Al Kidd’s first sign of a problem was the strong, acrid smell that burned his nose. He was busy taking another acid number at the end of a long overnight shift overseeing production of a long-oil alkyd. He had been a little sleepy five minutes earlier, but the smell seeping into the small production lab jolted his senses, and he was now wide awake. The pungent odor seemed to be coming from the other side of the plant floor. He looked in the direction of the odor and saw white smoke billowing from the large staging platform that made up part of the acrylic production area. He dropped the small erlenmeyer flask holding the acid number solution and ran through the door of the lab and into the main plant area toward the smoke.
Al was on the second floor of the oldest section of the plant. The area was scattered with high-temperature alkyd reactors ranging in size and material construction. Some were large workhorse systems of over 5,000 gallons, used in making many of the commodity resins that Big Time Paint sold to domestic coatings manufacturers. Though housekeeping was very important and stressed to every manufacturing employee, the concrete floors were black and sticky from years of resin manufacture. Sometimes your shoes made the sound of pulled clear tape often heard during the Christmas wrapping season. The plant smelled of burnt oils and rosins. In this section were two more modern, stainless steel reactors used in manufacturing smaller batches of emulsion polymers. Polly Mertz, Al’s colleague, planned to use one of these new emulsion reactors later that day.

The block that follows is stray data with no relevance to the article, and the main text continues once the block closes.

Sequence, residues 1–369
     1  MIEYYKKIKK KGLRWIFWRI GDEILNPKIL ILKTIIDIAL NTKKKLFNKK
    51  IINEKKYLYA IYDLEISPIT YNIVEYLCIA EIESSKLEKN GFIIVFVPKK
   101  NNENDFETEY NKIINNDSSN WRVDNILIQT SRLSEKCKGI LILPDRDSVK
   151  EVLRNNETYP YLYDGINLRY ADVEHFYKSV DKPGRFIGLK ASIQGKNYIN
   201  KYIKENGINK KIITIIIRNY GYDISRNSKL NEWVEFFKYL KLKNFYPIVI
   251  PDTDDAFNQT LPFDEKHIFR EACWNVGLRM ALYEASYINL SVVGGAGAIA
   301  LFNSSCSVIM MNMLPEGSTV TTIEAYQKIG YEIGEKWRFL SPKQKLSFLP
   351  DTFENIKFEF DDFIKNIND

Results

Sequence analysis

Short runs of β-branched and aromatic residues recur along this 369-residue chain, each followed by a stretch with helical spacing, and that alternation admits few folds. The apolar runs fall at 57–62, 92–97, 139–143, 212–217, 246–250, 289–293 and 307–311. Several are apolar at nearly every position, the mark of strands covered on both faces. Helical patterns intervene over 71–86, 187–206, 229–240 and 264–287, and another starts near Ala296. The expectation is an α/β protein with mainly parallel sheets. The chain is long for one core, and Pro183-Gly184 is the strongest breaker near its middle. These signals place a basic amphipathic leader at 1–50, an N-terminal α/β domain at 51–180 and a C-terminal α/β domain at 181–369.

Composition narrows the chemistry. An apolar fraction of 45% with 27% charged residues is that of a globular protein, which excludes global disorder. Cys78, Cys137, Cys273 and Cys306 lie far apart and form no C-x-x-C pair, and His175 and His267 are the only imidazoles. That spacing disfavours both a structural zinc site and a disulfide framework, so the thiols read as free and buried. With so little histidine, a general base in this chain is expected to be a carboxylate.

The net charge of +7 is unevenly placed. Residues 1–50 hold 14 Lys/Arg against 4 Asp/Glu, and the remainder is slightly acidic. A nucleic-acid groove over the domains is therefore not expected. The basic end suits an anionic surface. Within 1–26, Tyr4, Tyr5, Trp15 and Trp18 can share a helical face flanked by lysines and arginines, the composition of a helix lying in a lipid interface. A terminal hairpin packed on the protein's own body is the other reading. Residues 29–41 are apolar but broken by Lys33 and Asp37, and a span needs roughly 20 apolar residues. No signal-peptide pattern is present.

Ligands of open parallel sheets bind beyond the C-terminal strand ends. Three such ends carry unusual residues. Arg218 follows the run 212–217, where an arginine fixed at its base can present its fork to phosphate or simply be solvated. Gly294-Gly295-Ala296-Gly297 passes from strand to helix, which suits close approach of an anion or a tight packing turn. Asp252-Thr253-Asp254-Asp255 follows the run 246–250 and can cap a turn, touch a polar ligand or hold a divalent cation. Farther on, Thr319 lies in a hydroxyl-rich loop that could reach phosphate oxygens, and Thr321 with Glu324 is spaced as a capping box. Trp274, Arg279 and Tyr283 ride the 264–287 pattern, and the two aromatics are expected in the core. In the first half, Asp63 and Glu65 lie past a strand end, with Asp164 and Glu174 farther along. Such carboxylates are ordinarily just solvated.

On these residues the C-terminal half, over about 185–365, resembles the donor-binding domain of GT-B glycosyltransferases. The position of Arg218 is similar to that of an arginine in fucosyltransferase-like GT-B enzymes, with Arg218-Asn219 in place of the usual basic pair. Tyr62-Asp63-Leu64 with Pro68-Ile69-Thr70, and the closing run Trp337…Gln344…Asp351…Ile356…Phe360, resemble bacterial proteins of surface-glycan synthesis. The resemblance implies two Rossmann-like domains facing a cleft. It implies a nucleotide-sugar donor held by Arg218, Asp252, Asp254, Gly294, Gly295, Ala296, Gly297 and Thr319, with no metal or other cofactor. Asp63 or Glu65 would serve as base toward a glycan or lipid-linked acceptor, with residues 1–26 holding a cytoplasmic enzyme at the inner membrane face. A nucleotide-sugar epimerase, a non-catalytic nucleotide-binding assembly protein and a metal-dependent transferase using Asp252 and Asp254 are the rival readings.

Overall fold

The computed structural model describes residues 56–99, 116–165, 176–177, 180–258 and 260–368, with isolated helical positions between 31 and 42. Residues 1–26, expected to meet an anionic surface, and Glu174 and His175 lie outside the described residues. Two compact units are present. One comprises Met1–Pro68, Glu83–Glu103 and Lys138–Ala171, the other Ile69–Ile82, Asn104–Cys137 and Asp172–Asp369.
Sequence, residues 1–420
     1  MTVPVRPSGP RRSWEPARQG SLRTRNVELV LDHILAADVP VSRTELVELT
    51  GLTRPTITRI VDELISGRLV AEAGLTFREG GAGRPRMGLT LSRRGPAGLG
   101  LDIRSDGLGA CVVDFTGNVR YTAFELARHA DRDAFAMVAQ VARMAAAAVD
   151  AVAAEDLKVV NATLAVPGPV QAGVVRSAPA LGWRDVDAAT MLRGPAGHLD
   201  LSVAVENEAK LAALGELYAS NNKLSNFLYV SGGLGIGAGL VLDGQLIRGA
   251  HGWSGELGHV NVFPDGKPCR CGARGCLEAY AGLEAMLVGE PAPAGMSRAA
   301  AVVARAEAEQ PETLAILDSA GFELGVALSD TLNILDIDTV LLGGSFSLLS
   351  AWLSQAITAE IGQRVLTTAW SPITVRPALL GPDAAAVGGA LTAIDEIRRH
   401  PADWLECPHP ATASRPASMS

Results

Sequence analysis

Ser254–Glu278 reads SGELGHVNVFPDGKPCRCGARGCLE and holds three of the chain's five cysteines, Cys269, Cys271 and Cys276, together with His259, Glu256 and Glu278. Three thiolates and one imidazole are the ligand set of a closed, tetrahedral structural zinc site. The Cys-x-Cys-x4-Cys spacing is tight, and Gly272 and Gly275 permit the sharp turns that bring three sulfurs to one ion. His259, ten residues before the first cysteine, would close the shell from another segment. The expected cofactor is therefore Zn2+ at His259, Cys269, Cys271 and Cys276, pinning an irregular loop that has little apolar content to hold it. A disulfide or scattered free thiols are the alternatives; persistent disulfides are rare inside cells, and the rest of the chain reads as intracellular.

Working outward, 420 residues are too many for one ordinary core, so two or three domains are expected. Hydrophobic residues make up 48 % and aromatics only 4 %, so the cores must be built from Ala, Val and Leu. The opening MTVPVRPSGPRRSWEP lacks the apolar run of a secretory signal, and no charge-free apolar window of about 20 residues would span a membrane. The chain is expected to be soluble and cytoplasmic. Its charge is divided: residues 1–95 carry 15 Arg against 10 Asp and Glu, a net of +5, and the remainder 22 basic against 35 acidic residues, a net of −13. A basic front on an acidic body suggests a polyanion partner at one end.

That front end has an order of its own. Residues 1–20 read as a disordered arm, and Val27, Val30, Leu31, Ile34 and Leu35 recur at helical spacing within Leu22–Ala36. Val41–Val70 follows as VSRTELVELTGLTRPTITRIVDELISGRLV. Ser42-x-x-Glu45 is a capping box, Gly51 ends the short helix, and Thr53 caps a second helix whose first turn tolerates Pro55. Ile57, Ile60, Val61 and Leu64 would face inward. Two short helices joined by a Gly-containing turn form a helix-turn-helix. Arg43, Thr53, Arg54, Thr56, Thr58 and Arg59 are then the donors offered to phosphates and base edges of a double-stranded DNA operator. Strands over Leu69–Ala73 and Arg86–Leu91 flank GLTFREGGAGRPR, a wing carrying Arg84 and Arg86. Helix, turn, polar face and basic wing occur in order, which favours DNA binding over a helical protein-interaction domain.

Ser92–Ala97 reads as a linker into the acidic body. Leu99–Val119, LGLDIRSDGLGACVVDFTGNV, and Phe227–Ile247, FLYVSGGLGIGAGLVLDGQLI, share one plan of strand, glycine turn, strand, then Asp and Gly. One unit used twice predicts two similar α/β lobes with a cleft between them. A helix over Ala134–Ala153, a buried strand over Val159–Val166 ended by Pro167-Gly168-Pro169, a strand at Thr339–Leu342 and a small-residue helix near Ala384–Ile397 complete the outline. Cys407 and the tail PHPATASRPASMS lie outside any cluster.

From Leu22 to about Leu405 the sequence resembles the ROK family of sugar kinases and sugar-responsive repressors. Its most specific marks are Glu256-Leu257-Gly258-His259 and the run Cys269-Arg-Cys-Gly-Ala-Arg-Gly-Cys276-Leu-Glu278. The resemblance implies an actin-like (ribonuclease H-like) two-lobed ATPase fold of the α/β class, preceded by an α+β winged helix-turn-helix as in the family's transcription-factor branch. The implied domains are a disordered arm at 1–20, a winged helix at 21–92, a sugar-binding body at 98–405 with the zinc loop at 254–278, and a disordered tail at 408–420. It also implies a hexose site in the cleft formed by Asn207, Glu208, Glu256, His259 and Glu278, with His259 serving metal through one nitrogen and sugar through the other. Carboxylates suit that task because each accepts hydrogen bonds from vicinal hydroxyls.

Earlier that morning, Polly had arrived at the plant lab eager to oversee her first acrylic emulsion since her earlier botched scale-up. Upon arrival, she briefly spoke with Al about her new production batch. Her excitement was palpable. For a new chemist, there is no more satisfying feeling than overseeing the successful production batch of a resin you spent months developing in the lab. Last week, she had completed a 55-gallon scale-up batch of the acrylic emulsion, set up the preliminary specs, and written the batch instructions for the plant production operators.